During the same week I was coming to terms with my unsuccessful room treatment choices, Demian Martin, cofounder of Spectral Audio, founder of Entec, and audio consultant to Crosby Audio Works, Rockport, Monster Products, and NuForce, wandered into Port Townsend with his wife Peggy. After a visit to the Olympic National Forest, Demian visited my music room, helped me interpret my REW curves, and played with the manual room equalization option in Roon. All the while, I was dying inside: This was not the sound I wanted a distinguished designer to hear. Nor was it conducive to reviewing equipment and recordings.
Taking my cue from The Wise Men of Chelm5, a delightful collection of Jewish folk tales that I laughed out loud to as a child, I sat for seven days and seven nights, pulled my beard, twirled my curls, and took advantage of post helm technology to come up with a marvelous solution. With more than a little help from my friends—you know who you are, bless you one and all—out went the “new” treatment and in came eight Stillpoints Clouds and four Stillpoints Aperture panels. All that remained of the previous treatment were two ceiling panels that did some good in some areas of the audio spectrum and some bad in others. Those panels, too, came down during the course of this review.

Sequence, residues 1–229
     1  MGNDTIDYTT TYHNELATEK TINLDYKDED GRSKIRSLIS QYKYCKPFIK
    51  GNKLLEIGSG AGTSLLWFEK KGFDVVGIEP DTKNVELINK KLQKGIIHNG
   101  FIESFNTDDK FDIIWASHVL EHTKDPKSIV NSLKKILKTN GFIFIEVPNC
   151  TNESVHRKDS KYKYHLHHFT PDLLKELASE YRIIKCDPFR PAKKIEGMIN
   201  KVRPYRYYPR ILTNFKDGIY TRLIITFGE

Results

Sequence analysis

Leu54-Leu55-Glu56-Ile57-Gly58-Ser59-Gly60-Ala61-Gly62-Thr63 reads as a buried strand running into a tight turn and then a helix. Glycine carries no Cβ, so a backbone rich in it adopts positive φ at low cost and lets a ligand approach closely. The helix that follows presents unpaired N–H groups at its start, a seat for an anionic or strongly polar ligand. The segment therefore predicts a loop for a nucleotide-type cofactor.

Each time I altered room treatments, or cabling, or power treatment, or equipment supports, or component resonance damping, I created new “Smooth” and “Flat” curves with the DG-68, turning VC/EQ on and off and listening intently. Over the same period, I also changed optical (internet) cabling and upgraded optical-to-electrical converters and SFP (small–form-factor pluggable; don’t ask) modules. In due time, I created and implemented 18 different “smooth” and “flat” VC/EQ curves.